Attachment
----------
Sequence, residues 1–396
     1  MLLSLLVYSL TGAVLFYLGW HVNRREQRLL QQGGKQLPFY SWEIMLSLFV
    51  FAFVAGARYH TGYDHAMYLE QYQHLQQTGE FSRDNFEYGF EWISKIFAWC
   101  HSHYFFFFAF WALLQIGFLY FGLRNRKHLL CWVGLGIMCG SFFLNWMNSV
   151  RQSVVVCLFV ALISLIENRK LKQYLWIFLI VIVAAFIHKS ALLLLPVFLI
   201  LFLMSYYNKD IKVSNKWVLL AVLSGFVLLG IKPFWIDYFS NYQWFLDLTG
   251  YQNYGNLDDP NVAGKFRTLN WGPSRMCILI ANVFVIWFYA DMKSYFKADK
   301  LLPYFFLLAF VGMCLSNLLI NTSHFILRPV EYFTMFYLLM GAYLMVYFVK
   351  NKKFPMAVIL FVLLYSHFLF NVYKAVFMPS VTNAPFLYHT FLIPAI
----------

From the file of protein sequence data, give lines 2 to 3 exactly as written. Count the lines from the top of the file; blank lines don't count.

     1  MLLSLLVYSL TGAVLFYLGW HVNRREQRLL QQGGKQLPFY SWEIMLSLFV
    51  FAFVAGARYH TGYDHAMYLE QYQHLQQTGE FSRDNFEYGF EWISKIFAWC